Who is going to win the Ontario election?

CBC News’  guy, Eric Grenier, has poked through the entrails.  His column is here.  His chart averaging the main provincial pollsters is below.

I like people in politics who say “I don’t know,” so I like Grenier. He’s saying he doesn’t know who is going to win in June.

I don’t know either.

I’ve worked with the guys behind Campaign Research and IRG.  They’re really smart and effective.  But I still can’t tell you who is right.

Here are the variables that I think will affect the outcome.

  • Organization > money. Patrick Brown’s PCs have more money and are (presently) better-organized than Kathleen Wynne’s Liberals and Andrea Horwath’s New Democrats.  Money and organization matter, but the former matters less than the latter.
  • Ideas > campaigns.  The Ontario Liberals won in 2003, 2007 and 2011 because they ran better campaigns, and (in 2007 and 2011) also because the PCs had bad ideas.  The Ontario PCs ran a better campaign in 2014, but they lost again because they had a really bad idea.  Ipso facto: a bad idea can torpedo a good campaign effort.
  • Left > Right. The Ontario Liberals won in 2014 (like Justin Trudeau won in 2015) because they banked left and stole lots of NDP votes.  Wynne’s doing that again.  To win, Brown needs Horwath to get out of the witness protection program and start getting seen and heard again.
  • Leader = brand. The Ontario Liberals have an unpopular leader, but a very strong brand.  The Ontario PCs have an unknown leader, and a brand that is less strong.  The Ontario NDP have an always-popular leader, but a brand that is very weak.
  • Alternation > incumbency. The second that Stephen Harper won, the writing was on the wall for his provincial cousins: Ontarians don’t like one party running both levels of government.  They just don’t.  So, the minute Justin Trudeau won, big, in 2015, the writing was on the wall for his provincial cousins.  For Ontario Grits, The Alternation Theorem is not helpful.

Anyway.  I could go on (and God knows that I often do), but all of this is to say: I think Brown has the pole position, but the polls say the other two are still pretty competitive.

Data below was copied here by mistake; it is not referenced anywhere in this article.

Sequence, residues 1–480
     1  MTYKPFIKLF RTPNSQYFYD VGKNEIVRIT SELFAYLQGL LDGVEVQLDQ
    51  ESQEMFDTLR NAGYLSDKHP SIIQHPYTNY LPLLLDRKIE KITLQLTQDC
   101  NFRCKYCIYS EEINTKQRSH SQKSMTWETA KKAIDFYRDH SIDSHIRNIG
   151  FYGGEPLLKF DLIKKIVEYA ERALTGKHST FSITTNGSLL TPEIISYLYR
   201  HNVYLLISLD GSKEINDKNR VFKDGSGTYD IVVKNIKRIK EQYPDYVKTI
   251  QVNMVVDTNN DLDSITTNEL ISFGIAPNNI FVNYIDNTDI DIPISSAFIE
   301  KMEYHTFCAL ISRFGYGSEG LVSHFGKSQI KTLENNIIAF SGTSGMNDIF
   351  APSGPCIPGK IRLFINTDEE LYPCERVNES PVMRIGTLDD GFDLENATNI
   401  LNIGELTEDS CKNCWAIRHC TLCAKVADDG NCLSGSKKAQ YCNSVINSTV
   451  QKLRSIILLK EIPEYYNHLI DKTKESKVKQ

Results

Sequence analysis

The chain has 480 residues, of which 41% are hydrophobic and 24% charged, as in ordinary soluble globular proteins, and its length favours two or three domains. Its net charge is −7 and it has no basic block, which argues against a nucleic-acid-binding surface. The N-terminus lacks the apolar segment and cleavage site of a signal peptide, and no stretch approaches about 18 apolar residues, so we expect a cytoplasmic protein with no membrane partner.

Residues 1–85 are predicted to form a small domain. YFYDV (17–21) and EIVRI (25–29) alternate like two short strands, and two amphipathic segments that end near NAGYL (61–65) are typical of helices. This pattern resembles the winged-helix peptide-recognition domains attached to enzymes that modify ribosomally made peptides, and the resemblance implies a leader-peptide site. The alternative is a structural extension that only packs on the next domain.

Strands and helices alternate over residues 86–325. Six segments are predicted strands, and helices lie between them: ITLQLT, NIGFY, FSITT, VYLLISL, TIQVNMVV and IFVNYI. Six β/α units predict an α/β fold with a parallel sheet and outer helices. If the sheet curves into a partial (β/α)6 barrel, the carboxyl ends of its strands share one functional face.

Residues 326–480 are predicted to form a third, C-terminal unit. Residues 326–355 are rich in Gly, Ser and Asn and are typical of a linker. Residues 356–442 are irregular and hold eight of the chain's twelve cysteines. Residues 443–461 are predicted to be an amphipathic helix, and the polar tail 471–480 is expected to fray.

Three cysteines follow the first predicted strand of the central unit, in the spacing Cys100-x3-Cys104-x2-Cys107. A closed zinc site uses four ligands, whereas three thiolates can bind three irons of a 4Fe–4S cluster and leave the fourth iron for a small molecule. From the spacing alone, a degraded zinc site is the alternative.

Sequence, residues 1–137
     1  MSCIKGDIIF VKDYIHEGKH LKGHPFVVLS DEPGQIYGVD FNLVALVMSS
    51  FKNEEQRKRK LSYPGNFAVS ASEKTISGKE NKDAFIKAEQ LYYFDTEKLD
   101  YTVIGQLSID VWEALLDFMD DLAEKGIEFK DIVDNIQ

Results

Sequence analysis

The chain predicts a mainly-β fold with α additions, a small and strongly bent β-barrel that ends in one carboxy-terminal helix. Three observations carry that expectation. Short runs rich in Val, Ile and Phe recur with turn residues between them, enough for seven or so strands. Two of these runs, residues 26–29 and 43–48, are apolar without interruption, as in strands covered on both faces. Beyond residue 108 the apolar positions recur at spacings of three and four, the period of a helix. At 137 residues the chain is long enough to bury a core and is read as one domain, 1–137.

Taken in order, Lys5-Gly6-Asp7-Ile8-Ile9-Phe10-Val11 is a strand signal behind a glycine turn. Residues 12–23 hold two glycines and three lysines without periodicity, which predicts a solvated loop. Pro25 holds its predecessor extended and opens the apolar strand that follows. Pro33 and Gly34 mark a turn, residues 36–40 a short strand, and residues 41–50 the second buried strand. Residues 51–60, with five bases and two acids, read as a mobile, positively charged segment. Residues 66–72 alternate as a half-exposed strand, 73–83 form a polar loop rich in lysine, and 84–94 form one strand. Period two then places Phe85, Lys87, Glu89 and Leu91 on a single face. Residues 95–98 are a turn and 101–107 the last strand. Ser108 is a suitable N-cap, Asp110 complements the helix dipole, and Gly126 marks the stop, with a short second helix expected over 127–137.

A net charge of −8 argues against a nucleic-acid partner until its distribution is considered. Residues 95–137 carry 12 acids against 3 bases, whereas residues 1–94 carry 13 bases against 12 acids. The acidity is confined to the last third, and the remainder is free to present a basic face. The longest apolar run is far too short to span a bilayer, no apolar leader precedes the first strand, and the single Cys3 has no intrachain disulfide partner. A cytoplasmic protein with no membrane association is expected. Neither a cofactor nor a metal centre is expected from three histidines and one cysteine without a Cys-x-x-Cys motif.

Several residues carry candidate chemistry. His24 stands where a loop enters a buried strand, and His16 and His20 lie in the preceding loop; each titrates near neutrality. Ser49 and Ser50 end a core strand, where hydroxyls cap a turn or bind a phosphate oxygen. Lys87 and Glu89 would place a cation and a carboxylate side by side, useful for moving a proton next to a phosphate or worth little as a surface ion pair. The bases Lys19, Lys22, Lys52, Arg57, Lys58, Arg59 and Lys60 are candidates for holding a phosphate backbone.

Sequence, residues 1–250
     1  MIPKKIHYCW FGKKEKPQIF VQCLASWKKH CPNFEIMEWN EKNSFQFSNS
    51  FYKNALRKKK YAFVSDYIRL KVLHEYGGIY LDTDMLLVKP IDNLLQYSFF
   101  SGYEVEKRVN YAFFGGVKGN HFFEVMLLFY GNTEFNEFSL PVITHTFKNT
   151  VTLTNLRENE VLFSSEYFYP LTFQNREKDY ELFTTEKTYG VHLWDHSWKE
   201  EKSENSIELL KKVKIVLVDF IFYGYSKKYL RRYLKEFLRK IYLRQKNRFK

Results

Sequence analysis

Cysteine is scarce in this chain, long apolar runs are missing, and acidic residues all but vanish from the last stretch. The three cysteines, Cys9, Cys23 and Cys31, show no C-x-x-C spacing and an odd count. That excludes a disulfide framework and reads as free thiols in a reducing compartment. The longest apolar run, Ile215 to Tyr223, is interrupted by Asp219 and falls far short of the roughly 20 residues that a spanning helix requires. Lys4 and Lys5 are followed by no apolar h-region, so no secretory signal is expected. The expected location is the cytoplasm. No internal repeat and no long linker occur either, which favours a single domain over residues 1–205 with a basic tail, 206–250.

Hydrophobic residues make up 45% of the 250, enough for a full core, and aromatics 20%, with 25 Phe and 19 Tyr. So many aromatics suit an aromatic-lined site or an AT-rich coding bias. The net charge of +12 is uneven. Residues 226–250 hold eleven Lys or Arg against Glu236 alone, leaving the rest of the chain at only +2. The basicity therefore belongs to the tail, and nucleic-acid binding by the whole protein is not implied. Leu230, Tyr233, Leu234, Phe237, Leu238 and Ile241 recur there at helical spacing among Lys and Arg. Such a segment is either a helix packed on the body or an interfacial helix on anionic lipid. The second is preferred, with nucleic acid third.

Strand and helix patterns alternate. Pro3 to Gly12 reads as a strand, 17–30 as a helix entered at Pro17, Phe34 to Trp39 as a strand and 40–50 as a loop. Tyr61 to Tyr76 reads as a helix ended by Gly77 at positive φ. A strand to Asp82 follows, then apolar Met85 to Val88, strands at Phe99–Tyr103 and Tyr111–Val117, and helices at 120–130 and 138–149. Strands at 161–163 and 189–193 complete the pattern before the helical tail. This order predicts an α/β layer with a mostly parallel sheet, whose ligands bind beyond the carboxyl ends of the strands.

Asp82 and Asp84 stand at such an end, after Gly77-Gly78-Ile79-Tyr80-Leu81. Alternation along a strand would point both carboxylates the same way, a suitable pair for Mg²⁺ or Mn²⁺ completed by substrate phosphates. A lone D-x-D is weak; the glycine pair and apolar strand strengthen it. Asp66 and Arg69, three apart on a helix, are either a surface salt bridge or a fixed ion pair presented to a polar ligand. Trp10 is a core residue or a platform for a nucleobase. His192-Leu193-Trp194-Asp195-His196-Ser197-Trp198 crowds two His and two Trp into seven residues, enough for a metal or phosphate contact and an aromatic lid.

What do you think, O Smart Readers? Prognosticate away!

Andrew Scheer: the smirking face of intolerance?

This is just out in Vice, by the always-impressive Mr. Balgord.  And it is astonishing:

A senior member of Andrew Scheer’s leadership team helped create an anti-Islam organization during his campaign to lead the Conservative Party. Now, that organization is holding events to protest anti-Islamophobia Motion 103 and is bringing together Canada’s anti-Islam pundits and anti-Muslim groups.

Georganne Burke, the Scheer campaign’s Outreach Chair, was involved in the founding of Canadian Citizens for Charter Rights and Freedoms (C3RF). The group warns that the Liberal government is criminalizing criticism of Islam and opening the door for a Sharia (Islamic) takeover of Canadian law. C3RF plans to hold events across the country to advocate against M103 and the Trudeau government.

Georganne Burke is one of at least three senior members of Scheer’s campaign team that have now been linked to the so-called alt-right or anti-Islam groups. Scheer’s Campaign Manager, Hamish Marshall, was a director of Rebel Media, an alt-right media outlet that pushes narratives of white genocide and hosts prominent alt-right figures, and worked out of the Rebel offices during the campaign. He has been named as a campaign chair for the 2019 general election.

I’ve had the misfortune to deal with Burke before. She is loathsome, as seen here and here. She’s also the only person in Canada who will admit to supporting President PissTape, Donald Trump.

She’s also irrelevant.

The person who is relevant, on the other hand, is Andrew Scheer.

Why – why, why, why – is he aligning himself with/associating with people who have links to the extremes?  Why is he taking that risk, in a country as diverse and as multicultural as this one?

Comments are open, Conservatives folks.  This is one politico who is genuinely mystified by Andrew Scheer’s determination to alienate the very communities Messrs. Harper and Kenney worked so hard, for so long, to cultivate.

Fourteen reasons

…why we still need effective gun safety laws.

28 years ago.

1 Geneviève Bergeron (born 1968), civil engineering student